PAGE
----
Penn State Football

Penn State football: Nittany Lions could get offensive reinforcements back in time to vie for bowl eligibility

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Shortly after his team snapped its four-game losing streak last weekend, Christian Hackenberg made it a point to express his desire to send Penn State’s senior class out with a bowl-game win this season.

Now, Penn State (5-4, 2-4 Big Ten) is a win away from earning that chance. The Nittany Lions will try to do so against Temple (5-4, 3-3 American Athletic Conference) — a team that will be playing for the same distinction — when the Owls visit Beaver Stadium for a noon kickoff Saturday.

But Penn State coach James Franklin isn’t talking about what is at stake on Saturday quite yet.

“We don’t talk about those things. We don’t look at those things,” Franklin said. “We focus on finding a way to beat Temple this week. At the end of the year if someone calls and tells us we have an opportunity to go somewhere, wherever it is, we’ll be excited and fired up about it. Because for us, it’s about keeping the family together as long as we possibly can.”

The Nittany Lions could get one member of the family back while another one figures to play a bigger role than he did against Indiana.

Junior offensive tackle Donovan Smith is listed on the team’s depth chart as the potential starter at left tackle and Franklin spoke in hopeful tones that the Nittany Lions would have their big lineman back. Smith hasn’t played since he had to leave the Ohio State game in the second half with a suspected concussion. Per his policy on injuries, Franklin has not made Smith’s ailment public and Smith was not seen at the last two practices open to reporters. He did not travel with the team to Bloomington last week. Smith did not practice on Sunday and Franklin said Smith would have to get meaningful reps in practice in order to play in Saturday’s game.

Meanwhile, senior guard Miles Dieffenbach made his long anticipated return from a torn anterior cruciate ligament (ACL) against Indiana. Dieffenbach, who was injured in March, played 10 snaps and said he’s expecting a bigger workload against the Owls.

“I’m definitely hoping to get some more action in there,” Dieffenbach said. “We’ll see how the game goes, but I definitely plan on getting some more.”

Dieffenbach played both left and right guard against the Hoosiers but Penn State coaches envision him next to Smith on the left side of the line in an ideal situation.

Franklin reiterated that the plan with Dieffenbach was to work him in gradually. Between series, Dieffenbach could be seen riding a stationary bike on the sideline at Memorial Stadium.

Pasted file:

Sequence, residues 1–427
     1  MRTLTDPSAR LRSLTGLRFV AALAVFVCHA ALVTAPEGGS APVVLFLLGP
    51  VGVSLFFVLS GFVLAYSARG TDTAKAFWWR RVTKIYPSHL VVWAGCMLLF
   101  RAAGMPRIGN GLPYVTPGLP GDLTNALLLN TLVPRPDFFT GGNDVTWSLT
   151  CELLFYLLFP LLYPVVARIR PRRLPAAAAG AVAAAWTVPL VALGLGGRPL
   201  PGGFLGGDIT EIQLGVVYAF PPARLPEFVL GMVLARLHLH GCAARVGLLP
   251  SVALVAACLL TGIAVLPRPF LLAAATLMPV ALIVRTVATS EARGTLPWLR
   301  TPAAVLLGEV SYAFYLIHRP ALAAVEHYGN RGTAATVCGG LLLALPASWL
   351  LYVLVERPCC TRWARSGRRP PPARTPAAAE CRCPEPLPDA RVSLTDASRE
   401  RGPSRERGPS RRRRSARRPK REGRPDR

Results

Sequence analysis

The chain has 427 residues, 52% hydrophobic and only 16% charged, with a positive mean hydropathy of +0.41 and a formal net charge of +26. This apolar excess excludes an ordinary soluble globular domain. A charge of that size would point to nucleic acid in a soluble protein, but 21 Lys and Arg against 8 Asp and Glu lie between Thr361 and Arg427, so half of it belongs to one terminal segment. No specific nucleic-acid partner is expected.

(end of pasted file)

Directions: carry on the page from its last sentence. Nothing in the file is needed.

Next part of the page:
“Donovan was our only returning starter with any starting game experience coming into the season,” Franklin said. “Being able to have him and Miles is exciting just from an experience and leadership standpoint if nothing else. But I thought overall (Dieffenbach) did some nice things.”

And Dieffenbach is one of those seniors Hackenberg spoke of finishing the season strongly for.

This season has been unique in a few ways for the Nittany Lions, one of them being a senior class that is smaller than the true freshmen group. Penn State has five fifth-year seniors — defensive end Brad Bars, safety Jesse Della Valle, linebacker Mike Hull, running back Zach Zwinak and Dieffenbach — on its roster with just six true seniors, safeties Adrian Amos and Ryan Keiser, running back Bill Belton, kicker Sam Ficken and defensive linemen C.J. Olaniyan and Tyrone Smith to fill out the senior class.

Keiser and Zwinak are out for the year with injuries and not counting Dieffenbach’s limited on-field contributions to this point, Penn State has played more true freshmen (nine) than seniors (eight) over the past few weeks.

The numbers aren’t lost on Franklin. And the impact the senior class has had hasn’t been either.

“I would say in a lot of ways (the seniors have had) maybe even a stronger impact,” Franklin said. “Don’t get me wrong, we’d love to have 30 seniors right now, but when you don’t have 30, the few that you have, have to have really strong voices. We’ve been fortunate to have that. Where it’s been magnified is we have some guys that haven’t been with us.

“Not having Keiser in the last couple of weeks, his leadership has been unbelievable, not having Dieffenbach all year long. So I actually think it makes their role even more important than if you had 30 because you can kind of spread the wealth a little bit there.”